Critical financial distress falls in hotels but rises in restaurants and bars

21 January 2014 by
Critical financial distress falls in hotels but rises in restaurants and bars

The level of ‘critical' financial distress in UK hotels fell in the last quarter of 2013 as the sector experienced a seasonal bounceback fuelled by Christmas trading, but the same cannot be said for restaurants and bars.

The hotels sector saw a 24% fall in businesses with critical problems in Q4, against the previous quarter, but bars and restaurants saw an increase of 13%.

But on a year-on-year basis, the fortunes were reversed. There were 37% more hotels in financial hot water for the last quarter of 2013 than the previous year, but the number of bars and restaurants in a critical position fell by 9%.

That's according to the Begbie Traynor Red Flag Alert, which uses the term ‘critical' to refer to companies with county court judgements (CCJs) totalling more than £5,000 within a three-month period; with winding-up petitions against them; or which have entered Corporate Voluntary Arrangements.

However both sectors saw a 4% quarterly rise in the number of businesses facing ‘significant' financial distress, which refers to companies with minor CCJs of less than £5,000 filed against them or which have been identified by Red Flag's proprietary credit risk scoring system.

Year-on-year figures were more bleak. There was a 28% increase in the number of hotels with ‘significant' problems, while the number of bars and restaurants in a similar boat rose 13%.

Julie Palmer, partner at Begbies Traynor, commented: "With earlier stage ‘significant' distress across all sectors reaching record highs this quarter, we are seeing growing fragility, particularly among the small businesses community, as smaller and newer companies struggle to keep up as the economic recovery gathers pace.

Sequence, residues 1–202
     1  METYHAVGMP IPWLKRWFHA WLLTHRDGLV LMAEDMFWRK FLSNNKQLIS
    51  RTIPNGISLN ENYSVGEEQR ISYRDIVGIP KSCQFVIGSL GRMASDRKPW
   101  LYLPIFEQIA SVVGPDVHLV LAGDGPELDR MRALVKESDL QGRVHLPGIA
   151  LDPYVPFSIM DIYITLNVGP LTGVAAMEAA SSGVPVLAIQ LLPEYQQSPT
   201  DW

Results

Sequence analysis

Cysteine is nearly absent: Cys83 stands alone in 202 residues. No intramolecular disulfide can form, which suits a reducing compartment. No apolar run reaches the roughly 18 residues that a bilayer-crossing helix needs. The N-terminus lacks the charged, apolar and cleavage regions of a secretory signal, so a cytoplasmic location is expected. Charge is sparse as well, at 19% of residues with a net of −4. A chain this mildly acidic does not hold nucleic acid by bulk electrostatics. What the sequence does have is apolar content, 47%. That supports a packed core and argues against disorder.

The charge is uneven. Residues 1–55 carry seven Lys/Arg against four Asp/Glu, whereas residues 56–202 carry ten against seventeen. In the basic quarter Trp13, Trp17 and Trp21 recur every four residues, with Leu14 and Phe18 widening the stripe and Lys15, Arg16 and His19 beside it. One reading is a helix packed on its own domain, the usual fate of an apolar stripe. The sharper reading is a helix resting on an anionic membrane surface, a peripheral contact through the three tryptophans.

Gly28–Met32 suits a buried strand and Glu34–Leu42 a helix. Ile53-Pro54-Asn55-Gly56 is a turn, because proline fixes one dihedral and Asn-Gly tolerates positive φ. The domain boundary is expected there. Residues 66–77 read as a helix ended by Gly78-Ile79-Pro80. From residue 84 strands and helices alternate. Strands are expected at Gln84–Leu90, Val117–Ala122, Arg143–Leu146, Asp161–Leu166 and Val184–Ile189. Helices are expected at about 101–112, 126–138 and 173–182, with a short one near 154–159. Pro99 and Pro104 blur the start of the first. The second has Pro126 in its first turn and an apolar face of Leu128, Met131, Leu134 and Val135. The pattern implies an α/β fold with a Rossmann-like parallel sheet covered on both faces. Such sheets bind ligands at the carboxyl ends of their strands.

"As is common at this stage of any recovery process, businesses with inexperienced management teams or limited credit availability are simply unprepared to step up a gear and fund and execute the business strategies required to remain competitive in a growing market. Such businesses will need to take urgent action to avoid slipping into more critical distress and to ensure they are well placed to take advantage of the economic recovery.

"Our data shows that independent hotels and gyms are particularly at risk in the current economic climate as ambitious larger chains continue to slash prices and develop lower cost models, forcing smaller independent players to compete through price and operate at unsustainably low margins.

"With hotel occupancy levels and revenue per room in the last quarter of 2013 falling, the hotels sector is in a difficult position as it enters the lean Q1 trading period."

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